Latinos and 90% for African Americans because melanin in the skin blocks
    the production of D in the skin.

    School food provides ZERO omega-3s for kids, and pathetically low
    amounts of D.

    It’s an invisible problem.  No one is doing anything about it.


    * Not to be confused with short chain omega-3s, ALA, found in flax and other
    vegetable sources, which converts very poorly to the DHA and EPA used by the
    nervous system.

    • RegularListener

      I’m all for improving everyone’s nutrition, but this cannot be a very important factor in this violence. American females are just as likely to be malnourished as American males, but they very, very rarely engage in mass murder or serial murder. Even one-on-one homicide is rarely committed by females. Socialization of males–one obvious example many “action flicks” glorify the angry violent hero–must play some sort of role. Probably the socialization interacts with mental disorders in males & females differently, so that the depressed woman–unlike some depressed men—rarely turns to violence but other more passive behaviors (spending too much time in bed, for example). 

      • Lauren Ayers

        As it happens, males do need more omega-3s than females.  I doubt it’s simply a matter of socialization — the difference between testosterone and estrogen is ample explanation by itself; men do indeed take their anger out in more violent ways, and this has been true far longer than the recent arrival of trans fats (which cancel omega-3s) and the modern scarcity of DHA and EPA.  Trying to “socialize” good behavior is about as effective as reasoning with an inebriated person.  When people are operating from their limbic system instead of their frontal cortex (which suffers first, before the older parts of the brain, when DHA and EPA are missing), they are much more impulsive, AKA irrational.  I bet that if our culture was well-supplied with DHA and EPA, our rate of violent crime and murder would be as low as in Japan, where fish consumption is high.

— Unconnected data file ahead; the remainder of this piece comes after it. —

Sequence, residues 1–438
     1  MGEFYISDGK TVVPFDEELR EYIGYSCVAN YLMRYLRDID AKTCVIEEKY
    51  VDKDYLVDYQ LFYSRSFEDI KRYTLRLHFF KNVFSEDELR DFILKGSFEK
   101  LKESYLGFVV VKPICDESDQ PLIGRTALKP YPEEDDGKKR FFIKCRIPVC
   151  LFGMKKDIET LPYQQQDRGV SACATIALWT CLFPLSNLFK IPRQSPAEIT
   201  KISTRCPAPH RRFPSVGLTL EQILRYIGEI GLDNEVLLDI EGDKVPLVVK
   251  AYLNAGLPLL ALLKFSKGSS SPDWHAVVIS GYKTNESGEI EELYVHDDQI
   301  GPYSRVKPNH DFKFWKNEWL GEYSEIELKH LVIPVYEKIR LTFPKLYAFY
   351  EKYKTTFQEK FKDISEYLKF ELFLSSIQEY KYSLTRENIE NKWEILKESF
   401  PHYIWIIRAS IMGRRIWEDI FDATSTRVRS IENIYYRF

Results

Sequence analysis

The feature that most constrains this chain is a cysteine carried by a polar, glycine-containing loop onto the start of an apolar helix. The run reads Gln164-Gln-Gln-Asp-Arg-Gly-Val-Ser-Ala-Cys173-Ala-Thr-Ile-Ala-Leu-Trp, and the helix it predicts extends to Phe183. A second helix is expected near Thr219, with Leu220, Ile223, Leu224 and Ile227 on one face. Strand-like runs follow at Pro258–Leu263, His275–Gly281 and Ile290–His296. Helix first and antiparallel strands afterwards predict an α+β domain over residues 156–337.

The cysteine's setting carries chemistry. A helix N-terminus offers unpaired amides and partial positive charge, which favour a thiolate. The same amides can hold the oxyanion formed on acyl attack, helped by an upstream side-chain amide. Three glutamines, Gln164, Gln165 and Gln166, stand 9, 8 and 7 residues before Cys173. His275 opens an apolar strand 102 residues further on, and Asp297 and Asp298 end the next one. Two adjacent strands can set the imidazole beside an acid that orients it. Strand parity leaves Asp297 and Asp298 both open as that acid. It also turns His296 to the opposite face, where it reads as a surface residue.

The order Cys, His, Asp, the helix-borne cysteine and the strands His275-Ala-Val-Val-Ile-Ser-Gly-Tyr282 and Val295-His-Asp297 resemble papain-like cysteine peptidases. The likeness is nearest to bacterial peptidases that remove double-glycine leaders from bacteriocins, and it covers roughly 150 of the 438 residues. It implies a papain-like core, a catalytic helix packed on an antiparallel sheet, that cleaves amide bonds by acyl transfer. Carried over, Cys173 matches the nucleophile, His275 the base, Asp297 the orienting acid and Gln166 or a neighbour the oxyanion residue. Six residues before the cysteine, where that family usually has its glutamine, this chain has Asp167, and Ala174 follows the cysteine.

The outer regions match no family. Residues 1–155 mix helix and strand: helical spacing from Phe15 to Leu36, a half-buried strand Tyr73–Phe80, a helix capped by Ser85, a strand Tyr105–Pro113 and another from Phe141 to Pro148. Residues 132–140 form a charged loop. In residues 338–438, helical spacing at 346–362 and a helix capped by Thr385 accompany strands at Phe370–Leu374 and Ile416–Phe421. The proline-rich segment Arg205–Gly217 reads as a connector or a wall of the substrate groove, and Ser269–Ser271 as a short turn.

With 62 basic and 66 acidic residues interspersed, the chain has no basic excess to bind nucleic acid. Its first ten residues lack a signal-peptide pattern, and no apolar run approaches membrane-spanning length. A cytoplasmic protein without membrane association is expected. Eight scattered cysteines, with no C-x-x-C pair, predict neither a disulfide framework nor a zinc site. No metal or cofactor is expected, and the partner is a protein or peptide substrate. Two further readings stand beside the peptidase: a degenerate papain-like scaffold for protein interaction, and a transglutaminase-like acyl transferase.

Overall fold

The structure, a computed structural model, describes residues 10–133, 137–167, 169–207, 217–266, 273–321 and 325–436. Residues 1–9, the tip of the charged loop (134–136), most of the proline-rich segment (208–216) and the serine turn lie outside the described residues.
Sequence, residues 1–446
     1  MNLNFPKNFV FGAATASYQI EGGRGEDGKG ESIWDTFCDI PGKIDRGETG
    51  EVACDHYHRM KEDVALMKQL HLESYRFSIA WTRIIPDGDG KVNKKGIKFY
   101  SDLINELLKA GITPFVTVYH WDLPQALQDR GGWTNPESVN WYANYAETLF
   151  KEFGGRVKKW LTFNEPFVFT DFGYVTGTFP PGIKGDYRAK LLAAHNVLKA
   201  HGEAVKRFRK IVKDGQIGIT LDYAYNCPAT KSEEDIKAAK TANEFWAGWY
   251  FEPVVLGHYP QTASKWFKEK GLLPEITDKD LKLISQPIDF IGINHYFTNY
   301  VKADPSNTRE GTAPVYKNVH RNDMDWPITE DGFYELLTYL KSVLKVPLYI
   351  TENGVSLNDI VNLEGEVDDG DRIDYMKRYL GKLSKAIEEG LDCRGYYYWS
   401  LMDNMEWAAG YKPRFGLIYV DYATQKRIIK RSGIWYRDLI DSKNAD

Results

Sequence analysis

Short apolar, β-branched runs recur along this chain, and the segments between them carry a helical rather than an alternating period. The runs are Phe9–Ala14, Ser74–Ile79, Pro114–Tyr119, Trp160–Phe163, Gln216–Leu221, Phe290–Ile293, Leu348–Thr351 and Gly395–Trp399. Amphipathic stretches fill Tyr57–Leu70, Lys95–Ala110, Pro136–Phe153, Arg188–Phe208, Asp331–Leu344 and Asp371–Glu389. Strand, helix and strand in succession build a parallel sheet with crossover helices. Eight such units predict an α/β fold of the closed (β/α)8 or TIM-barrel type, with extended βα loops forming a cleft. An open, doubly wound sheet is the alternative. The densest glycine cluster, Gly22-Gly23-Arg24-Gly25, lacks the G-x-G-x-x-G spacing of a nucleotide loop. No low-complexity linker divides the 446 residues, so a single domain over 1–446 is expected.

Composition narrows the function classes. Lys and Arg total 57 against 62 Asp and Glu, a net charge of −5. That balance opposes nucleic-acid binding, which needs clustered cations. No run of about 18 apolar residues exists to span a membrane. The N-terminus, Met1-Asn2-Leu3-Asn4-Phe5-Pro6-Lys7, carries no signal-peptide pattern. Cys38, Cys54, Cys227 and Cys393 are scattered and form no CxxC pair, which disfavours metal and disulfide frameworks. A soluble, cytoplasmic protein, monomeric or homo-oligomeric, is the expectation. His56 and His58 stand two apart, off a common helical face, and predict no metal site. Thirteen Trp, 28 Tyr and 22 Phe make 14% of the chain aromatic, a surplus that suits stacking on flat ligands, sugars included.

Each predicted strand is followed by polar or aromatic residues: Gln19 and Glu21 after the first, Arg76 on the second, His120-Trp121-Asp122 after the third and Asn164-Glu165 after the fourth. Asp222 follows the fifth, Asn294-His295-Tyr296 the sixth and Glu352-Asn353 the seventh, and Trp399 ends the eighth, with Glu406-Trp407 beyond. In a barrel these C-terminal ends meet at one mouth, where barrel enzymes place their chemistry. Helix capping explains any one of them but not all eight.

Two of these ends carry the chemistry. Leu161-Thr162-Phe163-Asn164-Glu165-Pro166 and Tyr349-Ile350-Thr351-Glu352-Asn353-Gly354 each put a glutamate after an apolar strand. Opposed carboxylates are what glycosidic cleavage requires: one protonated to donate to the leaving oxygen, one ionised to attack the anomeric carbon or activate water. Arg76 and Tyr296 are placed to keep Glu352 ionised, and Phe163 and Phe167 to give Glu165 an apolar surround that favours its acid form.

• Listener

          Not remotely believable. 16th century Japan, where fish consumption was also high, was an extremely violent society. (Ever heard of the samurai? Tthey reached their peak of power at that time). Japan 1930-1945? Very violent towards its neighbors. Also much more fish consumption than other less militaristic socieites. I can assure you, as one who has studied medieval/early modern Europe & Japan, that there was no significant difference in murder rates of coastal NW European & Japanese communities (which consumed more fish) and interior communities. You need to learn some history. Violence varies over time even in the same society because of all sorts of social, political, economic & cultural factors. There’s  no good evience to back up your diet theory.

          You also undo your own lame argument by claiming that men have been more violent for a long time, but transfats & the scarcity of good fads new. Then why so much violence in the past with better fats?  Also, if hormonal differences explained all the differences between men & women, why is there so much more male-gendered violence in some societies than others? Societies that condone men beating their wives & children, not surprisingly, have more of it than societies that don’t, & that offer an out for the women & children. So much for your ida that it’s impossible to socialize good behavior. Trying to “socialize” less vioelence is exactly what we need more of, and won’t get if fools make simplistic claims about diet causing violence.